DRBO – A new drawbot kit

The best thing about being involved in a project like Polargraph, is that you meet like-minded people.  Stuart Childs is one of these people, and a good guy to know.  He is one of the guys behind FriiSpray (which is another art/tech crossover project), amongst other things.  He has put together a very neat new drawbot kit called the DRBO.  It comes complete with arduino uno and motorshield, motors and all the bits you need, and is made of fragrant lasercut mdf.  I got a kit of the hardware bits off him to try out.

As you see, it is adorable when small, but the most best thing about it is that the top bit, the drawing surface bit is pretty sacrificial, if you unbolt it, then you’ve got a good little unit that contains the motors, bobbins and microcontroller, and all you need is a couple of nails banged into a wall to hook the threads over, and you’ve got a machine as big as you want. The threads can just run down to the DRBO on the floor.  No messing about with long wires or some such.

Now, when I’ve tried such shenanigans in the past, it’s never been quite as straightforward as that, but in principle at least, this is very handy.  There’s a very good case for keeping the motors close to the drivers, and it’s so much neater if nothing else.

The build is easy and it’s an example of good design for lasercutting.  It’s all push-out and bolt-together, well-labelled, and there’s even a little circle of sandpaper stuck on to take off the burrs, and a couple of wrenches that have enough life in them to tighten up all the nuts and bolts that you might want more than finger-tight.  That’s a really nice touch.  My favourite bit is that there are counter-sunk bolts at certain points on the surface, and Stuart supplies these dinky little magnetic buttons to hold the paper on!  Brilliant!

The box for the microcontroller is big enough to fit an arduino mega in it, for those who mate megas with adafruit shields.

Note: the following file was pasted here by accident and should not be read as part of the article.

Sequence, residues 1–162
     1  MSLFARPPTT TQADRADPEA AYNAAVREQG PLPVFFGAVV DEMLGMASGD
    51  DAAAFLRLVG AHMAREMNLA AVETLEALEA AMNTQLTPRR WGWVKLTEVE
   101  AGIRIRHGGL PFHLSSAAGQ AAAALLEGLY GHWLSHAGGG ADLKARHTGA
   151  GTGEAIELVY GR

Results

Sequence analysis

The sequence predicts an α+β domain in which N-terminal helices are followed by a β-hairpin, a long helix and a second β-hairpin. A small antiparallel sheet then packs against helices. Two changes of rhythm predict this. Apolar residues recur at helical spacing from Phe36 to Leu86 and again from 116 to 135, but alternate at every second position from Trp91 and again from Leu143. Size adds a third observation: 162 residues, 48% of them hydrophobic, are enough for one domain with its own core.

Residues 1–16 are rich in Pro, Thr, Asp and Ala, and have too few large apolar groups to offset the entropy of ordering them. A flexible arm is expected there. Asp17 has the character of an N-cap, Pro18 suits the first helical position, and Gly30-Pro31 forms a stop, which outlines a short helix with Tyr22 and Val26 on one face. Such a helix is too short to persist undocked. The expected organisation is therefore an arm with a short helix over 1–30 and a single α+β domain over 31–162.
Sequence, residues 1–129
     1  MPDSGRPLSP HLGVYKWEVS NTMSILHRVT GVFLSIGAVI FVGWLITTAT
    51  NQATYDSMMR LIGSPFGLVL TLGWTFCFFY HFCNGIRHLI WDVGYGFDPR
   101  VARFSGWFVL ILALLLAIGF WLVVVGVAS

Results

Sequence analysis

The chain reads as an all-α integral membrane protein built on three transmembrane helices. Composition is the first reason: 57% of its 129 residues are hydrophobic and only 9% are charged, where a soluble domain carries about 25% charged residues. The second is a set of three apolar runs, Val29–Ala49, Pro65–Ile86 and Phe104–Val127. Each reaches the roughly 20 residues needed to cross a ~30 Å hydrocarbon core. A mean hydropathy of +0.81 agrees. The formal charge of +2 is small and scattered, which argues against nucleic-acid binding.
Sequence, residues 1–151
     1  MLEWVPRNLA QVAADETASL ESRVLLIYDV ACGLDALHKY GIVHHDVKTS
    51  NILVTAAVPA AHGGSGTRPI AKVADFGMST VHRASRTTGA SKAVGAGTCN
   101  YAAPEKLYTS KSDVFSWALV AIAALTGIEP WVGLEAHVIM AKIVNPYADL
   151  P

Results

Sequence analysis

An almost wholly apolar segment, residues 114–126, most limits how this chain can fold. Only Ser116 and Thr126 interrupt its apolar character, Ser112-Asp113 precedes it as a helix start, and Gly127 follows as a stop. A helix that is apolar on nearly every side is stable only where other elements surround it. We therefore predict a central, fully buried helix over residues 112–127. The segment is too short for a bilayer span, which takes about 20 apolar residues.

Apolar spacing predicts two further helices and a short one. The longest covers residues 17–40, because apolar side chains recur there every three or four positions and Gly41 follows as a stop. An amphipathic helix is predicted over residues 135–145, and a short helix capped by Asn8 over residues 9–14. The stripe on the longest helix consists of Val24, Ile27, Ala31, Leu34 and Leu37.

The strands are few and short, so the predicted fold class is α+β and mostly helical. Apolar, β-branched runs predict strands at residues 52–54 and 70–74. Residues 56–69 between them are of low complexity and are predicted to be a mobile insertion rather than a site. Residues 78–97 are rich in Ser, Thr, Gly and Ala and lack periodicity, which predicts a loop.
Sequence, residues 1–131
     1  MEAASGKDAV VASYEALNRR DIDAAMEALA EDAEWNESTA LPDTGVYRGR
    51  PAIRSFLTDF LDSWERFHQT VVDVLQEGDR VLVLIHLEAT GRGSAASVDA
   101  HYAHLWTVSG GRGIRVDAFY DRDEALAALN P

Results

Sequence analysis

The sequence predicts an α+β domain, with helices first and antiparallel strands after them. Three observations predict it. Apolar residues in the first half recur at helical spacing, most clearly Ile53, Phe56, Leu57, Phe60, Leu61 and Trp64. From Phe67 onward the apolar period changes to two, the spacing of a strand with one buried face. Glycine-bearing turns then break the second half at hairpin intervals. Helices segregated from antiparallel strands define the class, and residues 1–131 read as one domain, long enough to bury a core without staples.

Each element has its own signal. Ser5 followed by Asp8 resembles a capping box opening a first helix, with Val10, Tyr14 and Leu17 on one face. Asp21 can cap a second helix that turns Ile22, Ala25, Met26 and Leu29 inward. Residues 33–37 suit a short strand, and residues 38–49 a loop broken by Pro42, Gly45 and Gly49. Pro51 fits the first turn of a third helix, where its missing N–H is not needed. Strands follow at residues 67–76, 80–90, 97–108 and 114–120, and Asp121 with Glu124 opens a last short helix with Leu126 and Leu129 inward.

I did take other pics, but none of them are quite as good as the ones on the DRBO site.  It’s also dead cheap, considering this is basically a full arduino+stepper motors dev kit, PSU, microcontroller, motorshield, motors, servo, fitments, the lot.

Norwegian pixel

So this is the real star of v1.2: The norwegian pixel.

  1. Save your source image as a greyscale PBM or PGM file, and put it on the SD card. Note that GIMP saves PBM files as 2 colour dithered files, so you need to export as PGM to get it to work there.  Photoshop just saves in whatever format the image happens to be in, so make sure you convert to grayscale (not RGB or indexed) before saving.
  2. Put the SD card in the PolargraphSD and turn it on.
  3. Open the controller and drag a selection box where you want to draw your picture.  For one reason or another, you do need to have an image loaded before you’re allowed to drag a selection area.  I just noticed that.  But the image you load is nothing to do with what you’re drawing.
  4. On the roving tab, click set roving area.  This tells the machine where you want it to start.
  5. Click draw norwegian… and enter the filename of your image file.
    Click trace outline and the machine will quickly draw an outline of where the image will be.  The image will be scaled so that it is the width of the rove area, regardless of how tall that works as being.  So really the height of the rove area is irrelevant.
  6. Choose the amplitude (row width) and the wavelength, and hit submit to send the command off to the machine.
  7. Wait many hours.

I haven’t done an awful lot of testing of this, but the initial results are beautiful.  

HOWEVER, I have noticed one issue – there are regularly spaced breaks in each row, some more obvious than others.  This is because of the way the beaded cord slips on the sprockets, and it’s a problem I actually expected to see before now.  The issue is that the beaded cord is not manufactured to very close tolerances, so the sprockets are rarely a perfect size.  It means that each beads-worth of rotation, there’s a little slip while the beads pull taut into the teeth.

There isn’t really a solution as far as I can see, as long as there’s even a mismatch between the circumference of the sprocket and the length of a piece of cord with the same number of beads, there’ll always be a little period where it falls forward.

Note that I think it’s only a problem for machines with beaded cords – if you use reels of thread and smooth bobbins, you’ll be fine.